REVOCABLE TRANSFER ON DEATH DEED – Adverse Affect on Joint Tenancy

For many if not most people, their home is the single biggest asset they own.  But what happens to that home when they die?  Until 2016, the only choices people had to transfer their home to their heirs was to spend $2,000-$6,000 to create a Trust or subject their heirs to the more costly, public, and lengthy process of Probate. Effective January 1, 2016, California authorized use of a

Revocable Transfer of Death Deed

which, for the first time, provides a low cost alternative.  You can read more about this in my 2/15/16 Blog: Understanding the new California Revocable Transfer on Death Deed.

In passing this Law, the Legislature provided for a ratification period running through 2021 which would allow time for issues to arise that may require revisions before the law becomes permanent.  One of those issues has now surfaced.

Many people, especially spouses, may hold title to real estate as “Joint Tenants” or as “Community Property with Right of Survivorship”.  This means that when one of the owners dies, the survivor owns all of the property.  However, when title is held in Joint Tenancy or in Community Property, a subsequent Revocable Transfer on Death Deed by a couple would be void.

California Probate Code Section 5664

expressly states: “If, at the time of the transferor’s death, title to the property described in the revocable transfer on death deed is held in joint tenancy or as community property with right of survivorship, the revocable transfer on death deed is void.

The transferor’s interest in the property is governed by the right of survivorship and not by the revocable transfer on death deed.”

Normally recording a Deed changing the way title is held would extinguish a Joint Tenancy or Community Property with Right of Survivorship, Section 5664 preserves that title even if a Transfer on Death Deed is created.  Presumably the Legislature recognized that a person using this Deed might unknowingly be denying their spouse (or other joint tenant) the intended right to own all of the Property. However, Section 5664 may require the Probate.

Consider the following scenario: Husband and Wife own their home, and they hold title as Joint Tenants. Husband and Wife create a Revocable Transfer on Death Deed believing that their home will be transferred to their kids upon the surviving spouse’s death (eliminating the need for a Probate). The kids later discover that when Mom and Dad created the Revocable Transfer on Death Deed- it was void because they owned the home as Joint Tenants.  The are then required to Probate the home upon the surviving parent’s death (exactly what the Husband and Wife did not want.)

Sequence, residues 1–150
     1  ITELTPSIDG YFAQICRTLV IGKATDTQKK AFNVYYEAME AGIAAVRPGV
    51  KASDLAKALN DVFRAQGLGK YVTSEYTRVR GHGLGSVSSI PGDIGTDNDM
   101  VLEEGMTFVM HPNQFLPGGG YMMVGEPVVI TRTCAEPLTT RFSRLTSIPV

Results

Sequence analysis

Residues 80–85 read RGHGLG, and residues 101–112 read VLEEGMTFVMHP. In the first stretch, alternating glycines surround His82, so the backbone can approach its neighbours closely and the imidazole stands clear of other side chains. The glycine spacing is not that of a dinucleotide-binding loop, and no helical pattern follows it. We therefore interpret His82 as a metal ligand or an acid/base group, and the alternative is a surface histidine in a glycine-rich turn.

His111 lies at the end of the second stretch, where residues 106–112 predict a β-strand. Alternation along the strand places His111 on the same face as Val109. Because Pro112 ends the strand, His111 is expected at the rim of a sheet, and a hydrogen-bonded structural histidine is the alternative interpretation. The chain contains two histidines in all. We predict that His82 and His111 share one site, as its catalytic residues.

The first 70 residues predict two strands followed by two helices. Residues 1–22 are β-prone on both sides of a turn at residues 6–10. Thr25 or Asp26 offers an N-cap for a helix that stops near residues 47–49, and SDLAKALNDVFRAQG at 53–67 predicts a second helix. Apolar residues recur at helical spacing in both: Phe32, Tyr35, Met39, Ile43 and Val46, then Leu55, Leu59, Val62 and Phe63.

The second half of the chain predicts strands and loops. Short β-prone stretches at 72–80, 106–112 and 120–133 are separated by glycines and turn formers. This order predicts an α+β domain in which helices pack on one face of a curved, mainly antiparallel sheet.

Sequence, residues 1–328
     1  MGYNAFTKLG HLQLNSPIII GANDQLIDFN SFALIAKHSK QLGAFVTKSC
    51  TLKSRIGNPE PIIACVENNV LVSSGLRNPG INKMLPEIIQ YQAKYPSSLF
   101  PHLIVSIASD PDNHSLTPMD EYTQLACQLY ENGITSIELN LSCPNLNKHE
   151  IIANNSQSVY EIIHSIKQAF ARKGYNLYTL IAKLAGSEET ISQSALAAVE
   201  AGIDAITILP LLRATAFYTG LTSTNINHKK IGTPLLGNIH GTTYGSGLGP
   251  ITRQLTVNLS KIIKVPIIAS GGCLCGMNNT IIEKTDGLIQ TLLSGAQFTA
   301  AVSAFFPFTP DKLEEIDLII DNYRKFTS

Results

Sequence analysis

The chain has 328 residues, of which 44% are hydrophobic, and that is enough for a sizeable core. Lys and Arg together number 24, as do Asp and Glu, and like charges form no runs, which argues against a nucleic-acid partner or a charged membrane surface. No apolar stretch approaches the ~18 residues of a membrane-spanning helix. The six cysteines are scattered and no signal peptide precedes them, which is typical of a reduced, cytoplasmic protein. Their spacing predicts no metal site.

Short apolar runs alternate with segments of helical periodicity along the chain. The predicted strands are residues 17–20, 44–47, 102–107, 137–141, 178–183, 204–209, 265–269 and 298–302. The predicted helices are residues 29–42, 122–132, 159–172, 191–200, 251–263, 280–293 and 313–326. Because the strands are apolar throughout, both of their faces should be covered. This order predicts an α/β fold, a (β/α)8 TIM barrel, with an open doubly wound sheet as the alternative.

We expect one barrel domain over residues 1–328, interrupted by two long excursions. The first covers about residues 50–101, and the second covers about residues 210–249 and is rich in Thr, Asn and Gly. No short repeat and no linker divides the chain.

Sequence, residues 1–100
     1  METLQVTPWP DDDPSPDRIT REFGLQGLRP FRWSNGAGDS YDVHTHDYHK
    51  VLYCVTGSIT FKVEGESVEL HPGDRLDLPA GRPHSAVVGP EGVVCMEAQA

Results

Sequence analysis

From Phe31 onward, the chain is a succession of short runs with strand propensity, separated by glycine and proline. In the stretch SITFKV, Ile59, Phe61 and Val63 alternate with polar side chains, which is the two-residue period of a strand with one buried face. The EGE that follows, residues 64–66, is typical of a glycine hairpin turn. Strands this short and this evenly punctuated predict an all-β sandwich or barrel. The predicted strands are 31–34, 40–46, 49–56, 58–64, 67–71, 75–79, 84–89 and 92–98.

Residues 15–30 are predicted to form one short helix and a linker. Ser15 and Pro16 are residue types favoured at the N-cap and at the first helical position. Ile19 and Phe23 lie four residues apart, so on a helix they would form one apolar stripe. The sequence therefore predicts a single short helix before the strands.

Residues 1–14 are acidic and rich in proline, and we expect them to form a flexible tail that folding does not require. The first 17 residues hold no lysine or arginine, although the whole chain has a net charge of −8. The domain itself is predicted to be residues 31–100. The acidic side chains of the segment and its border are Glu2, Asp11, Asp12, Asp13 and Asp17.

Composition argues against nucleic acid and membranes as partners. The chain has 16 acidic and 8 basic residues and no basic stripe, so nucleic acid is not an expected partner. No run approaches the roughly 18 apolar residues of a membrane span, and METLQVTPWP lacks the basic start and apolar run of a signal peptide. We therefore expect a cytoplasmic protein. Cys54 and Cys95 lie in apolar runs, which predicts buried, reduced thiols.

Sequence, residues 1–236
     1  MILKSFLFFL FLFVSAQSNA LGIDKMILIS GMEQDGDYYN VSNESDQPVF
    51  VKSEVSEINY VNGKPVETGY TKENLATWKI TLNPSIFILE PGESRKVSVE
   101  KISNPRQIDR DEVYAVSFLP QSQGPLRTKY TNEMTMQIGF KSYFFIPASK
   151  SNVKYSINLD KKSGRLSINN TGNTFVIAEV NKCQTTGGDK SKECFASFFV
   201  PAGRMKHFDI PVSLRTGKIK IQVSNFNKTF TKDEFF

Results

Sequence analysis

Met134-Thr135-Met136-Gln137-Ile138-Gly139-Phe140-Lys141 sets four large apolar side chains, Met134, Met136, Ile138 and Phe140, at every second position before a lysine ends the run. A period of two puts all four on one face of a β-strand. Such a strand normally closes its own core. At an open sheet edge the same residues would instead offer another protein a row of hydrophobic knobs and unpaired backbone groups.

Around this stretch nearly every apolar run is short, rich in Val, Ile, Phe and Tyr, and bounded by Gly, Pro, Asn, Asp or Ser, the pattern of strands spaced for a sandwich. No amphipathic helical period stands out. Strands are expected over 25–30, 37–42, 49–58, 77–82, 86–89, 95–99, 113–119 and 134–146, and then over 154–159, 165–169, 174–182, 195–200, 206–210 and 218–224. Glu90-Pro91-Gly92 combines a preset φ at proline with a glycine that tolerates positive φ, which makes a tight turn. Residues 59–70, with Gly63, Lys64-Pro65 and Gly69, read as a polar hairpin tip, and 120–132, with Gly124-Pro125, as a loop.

So where are Property owners left now?  Here are several choices and concerns:

1.   Leave the existing Deed in place:

The survivor would own all of the Property and then the surviving joint tenant  could execute a Revocable Transfer on Death Deed if they chose to do so;

2.   Terminate the Joint Tenancy and record the Transfer on Death Deed:

This would result in the parties holding title as Tenants in Common without rights of survivorship. The Deceased spouse’s interest would pass to the designated beneficiary, but the Surviving spouse’s interest would not pass until death. Distributing only a portion of the property makes the ownership rights of the survivor unclear, and raises additional questions. The survivor can’t alter the Deceased spouse’s beneficiaries, but could alter their own Beneficiary designation – creating possible disputes among new owners. Would the decedent’s Beneficiaries have any actual title interest in the property? What about tax treatment during the survivorship period? Could the Decedent’s beneficiaries force the sale? In short, the Transfer of Death Deed could work fine unless the survivor decides to alter or revoke their Beneficiary designation;

3.   Terminate the Joint Tenancy and Each record separate Transfer on Death Deeds:

This could solve some of the problems apparent in option #2, above. Either spouse could change their Beneficiary designations whenever they wanted during their lifetimes. But the Surviving spouse may not be able to reserve a life estate in the Deceased spouse’s interest, and the beneficiaries (who own 50% of the property) may be able to force the sale.

4.    Create a Revocable Living Trust instead:

Although the Revocable Transfer on Death Deed was created to provide a more cost effective alternative when two people, particularly spouses, co-own the property, a Trust may be the best vehicle for preserving survivorship and joint tenancy if that’s what the spouses want. And it may more effectively deal with co-ownership and property rights and obligations of the survivor and Beneficiaries.

Bottom-line in all of this is steering us to a conclusion that the Revocable Transfer on Death Deed may be the best vehicle when there is only one person owning the Property.

Before any decisions are made to establish estate planning goals, you should seek competent legal advice to help you navigate these life decisions.

For over 20 years, the attorneys of BPE Law Group, P.C. have been advising and representing property owners and real estate professionals in dealing with their legal concerns including easements and other land-use issues. Our major  areas of practice include: Real Estate, Business, and Estate Planning. We do business primarily in California although our clients are world-wide.  Check us out on the Web at:  If you would like a consultation with us, please call our office at (916) 966-2260 or e-mail me at

This article is not intended to be legal advice, and should not be taken as legal advice.  Every case requires review of specific facts and history, and a formal agreement for service.  Please feel free to contact us if you need legal advice and are interested in seeing if we can help you.